Domestic Versus Imported Inflation
The distinction between "domestic" inflation and CPI inflation is important, but it is missed by single-good economic models. (I noted the problems with single-good economic models here.)
In the 1990s, the inflation rate did not react to the "unemployment gap" going negative. This can be explained by the structural reduction in prices as the result of manufacturing being outsourced to low-wage developing countries, and the collapse in energy prices in response to the Asian Crisis. (Even though I show core - ex-food and energy inflation - energy is an input throughout the production chain, and so its price influences core prices as well.)
Going in the other direction, people in Iceland had increasingly moved towards consuming imported goods before the financial crisis. The collapse in the Krona during the financial crisis led to high inflation, despite the collapse in domestic activity. Developing countries have had similar problems with imported manufactured goods.
The main developed countries have consumption baskets that are weighted more towards domestic goods and services, but one could imagine a scenario where global supply chains are disrupted and goods price inflation takes off, regardless of what is happening in the domestic economy. Such an event appears to be hard to forecast within an economic model.
Modern economic theory emphasises the role of expectations in the generation of inflation. This emphasis is reasonable, but I question its practical usefulness for inflation forecasting. The points I note:
- Tautological. There are very few "flexprice" markets (markets exhibiting rapid price responses to supply and demand trends) in modern economies; only things like commodities and stock markets. Other prices - the bulk of the CPI basket, as well as wages - are administered and are fixed for periods of time. If a business expects input prices to rise from their current level over the next "period" for which its administered selling prices are fixed, it will raise the price now. Therefore, the expectation of higher prices mechanically implies higher current prices. It is only because economic models have wildly unrealistic price setting behaviour that the role of expectations appears revolutionary.
- Estimation. How exactly do we measure inflation expectations? Survey and financial market measurements do not appear to be very reliable.
- Causality. It is unclear to me whether rising prices occurs before or after survey-based inflation expectations rise. But realised inflation and survey-based inflation expectations tracked each other well during the 1970-1990 inflation cycle, which means that estimated models will put a high weight on inflation expectations as an explanatory variable. But that just means we now have to explain expectations, and not inflation, and it is unclear whether we are any further ahead.
Although expectations obviously matter, I do not see what will cause them to become "unmoored" from 2%, other than CPI inflation rising well above 2%. But that is presumably precluded by "moored" inflation expectations. This logic appears to make a large rise in inflations impossible, regardless of the state of the economy, which appears to be a fairly bizarre conclusion.
Central Bank Probity
One strand of theory is that realised inflation is the conscious decision of policy makers. The literature resembles a morality play, in which virtuous "sound money" central bankers face off against (naughty) politicians that want inflation in order to "finance" spending (without raising taxes). The desire for central bank independence comes from this theory.
Since this theory assumes that realised inflation is the result of a conscious choice of policy makers (plus some random "noise"), it is impossible to refute empirically. The only place of debate is in the abstract area of policy rules. Since there is no way of telling what policy rule is being followed with a finite run of data, this is also non-testable.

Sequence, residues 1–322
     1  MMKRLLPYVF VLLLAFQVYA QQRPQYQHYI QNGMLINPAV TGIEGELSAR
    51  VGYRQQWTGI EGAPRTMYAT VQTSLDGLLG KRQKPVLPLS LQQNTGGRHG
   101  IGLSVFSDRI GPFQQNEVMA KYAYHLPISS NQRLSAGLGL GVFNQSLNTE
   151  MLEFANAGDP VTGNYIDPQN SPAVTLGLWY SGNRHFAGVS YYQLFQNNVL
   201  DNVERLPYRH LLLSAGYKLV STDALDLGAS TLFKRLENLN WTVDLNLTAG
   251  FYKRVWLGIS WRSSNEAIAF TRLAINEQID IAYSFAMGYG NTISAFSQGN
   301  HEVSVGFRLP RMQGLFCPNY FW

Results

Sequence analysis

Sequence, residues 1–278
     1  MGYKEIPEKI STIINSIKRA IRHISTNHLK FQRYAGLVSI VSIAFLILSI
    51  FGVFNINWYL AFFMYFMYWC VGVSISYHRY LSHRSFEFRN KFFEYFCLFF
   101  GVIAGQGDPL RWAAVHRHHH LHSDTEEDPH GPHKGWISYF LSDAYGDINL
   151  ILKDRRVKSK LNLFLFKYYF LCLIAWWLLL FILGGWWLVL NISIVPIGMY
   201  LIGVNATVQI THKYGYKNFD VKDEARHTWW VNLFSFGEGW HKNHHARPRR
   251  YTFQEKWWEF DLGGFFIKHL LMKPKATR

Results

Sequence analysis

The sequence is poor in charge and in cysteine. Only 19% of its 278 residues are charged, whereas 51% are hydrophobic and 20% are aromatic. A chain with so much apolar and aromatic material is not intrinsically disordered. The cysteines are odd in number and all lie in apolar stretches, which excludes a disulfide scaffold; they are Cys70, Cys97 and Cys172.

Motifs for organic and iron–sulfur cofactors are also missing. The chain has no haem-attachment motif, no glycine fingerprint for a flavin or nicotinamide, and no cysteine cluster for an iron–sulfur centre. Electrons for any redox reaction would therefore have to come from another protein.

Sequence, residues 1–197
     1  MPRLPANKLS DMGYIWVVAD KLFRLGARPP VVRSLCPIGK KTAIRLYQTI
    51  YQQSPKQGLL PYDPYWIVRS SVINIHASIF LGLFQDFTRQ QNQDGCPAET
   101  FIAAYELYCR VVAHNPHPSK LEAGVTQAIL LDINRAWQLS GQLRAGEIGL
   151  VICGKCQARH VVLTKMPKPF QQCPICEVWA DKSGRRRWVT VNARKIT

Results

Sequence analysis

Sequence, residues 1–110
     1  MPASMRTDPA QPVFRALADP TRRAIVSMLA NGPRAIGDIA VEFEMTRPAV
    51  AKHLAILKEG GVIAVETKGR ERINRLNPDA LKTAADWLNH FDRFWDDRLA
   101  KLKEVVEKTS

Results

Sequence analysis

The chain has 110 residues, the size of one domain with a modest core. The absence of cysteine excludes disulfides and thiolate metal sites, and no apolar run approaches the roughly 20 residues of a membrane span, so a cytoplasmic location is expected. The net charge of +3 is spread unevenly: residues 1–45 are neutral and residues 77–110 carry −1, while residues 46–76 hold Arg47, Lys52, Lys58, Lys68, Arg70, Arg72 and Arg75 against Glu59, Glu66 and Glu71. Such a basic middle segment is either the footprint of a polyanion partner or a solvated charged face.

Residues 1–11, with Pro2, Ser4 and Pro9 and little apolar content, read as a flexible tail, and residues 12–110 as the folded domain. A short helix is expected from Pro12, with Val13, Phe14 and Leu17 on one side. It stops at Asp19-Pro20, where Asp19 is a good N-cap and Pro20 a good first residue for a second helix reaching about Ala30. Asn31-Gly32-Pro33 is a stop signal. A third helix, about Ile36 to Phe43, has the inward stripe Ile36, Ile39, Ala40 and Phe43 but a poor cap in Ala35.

This theory comes closer to being testable if we assume that inflation expectations are driven by policy rules. But I have my doubts whether this really can be done, other than by assuming the conclusions in advance (policy makers in the 1970s were "naughty", but they followed "sound policy" in the 1990s). And if you are an investor, the theory offers no useful guidance. If you spent your time over the last few years scrutinising central bank rhetoric and obsessing about their tolerance for inflation, my guess is that you would have ended up losing money on the "inflation is coming" trades that buried a lot of investors.
Correspondingly, this literature is useful only if you are a fan of economic theology.
That Darned Zero Bound
There has been some movement away from a single (composite) good economy in analysis. One effect that has been noted that there is a tendency to avoid price or wage decreases - that is, there is a floor for price changes at 0% - which has been empirically observed in micro-data. (Note that this holds for administered prices, not flexprices, which are rare within the CPI basket.) This creates a skew in price increases towards higher prices at low inflation rates.
The modelling principle is that individual price increased are randomly distributed around a central tendency. Under normal circumstances, the mean price change is (roughly) equal to the central tendency. This central tendency is what is to be predicted with the NAIRU-based model. But when the central tendency is too close to zero, many individual prices will hit the 0% barrier. This drags up the average price rise above the central tendency.
For example, assume that:
- 50% of price changes observed are 2% above the central tendency;
- 50% of prices changes observed are 2% below the central tendency (but floored at 0%).
If the central tendency is 2% or higher, the observed inflation rate equals the central tendency. But if the central tendency drops to 1%, the observed price changes will be 0% and 3%, creating an average price change that is 1.5%, which is higher than the central tendency.
In summary, you build a model similar to the existing NAIRU-based models, but you are now initially forecasting the unobserved "central tendency". You then apply a nonlinear transformation to the "central tendency" to generate a predicted inflation rate, where the nonlinear transformation is increasingly insensitive to a falling "central tendency" as it goes to zero (or even negative). This change should be able to generate the muted inflation reaction seen in the latest cycle, but acting more normally in earlier cycles.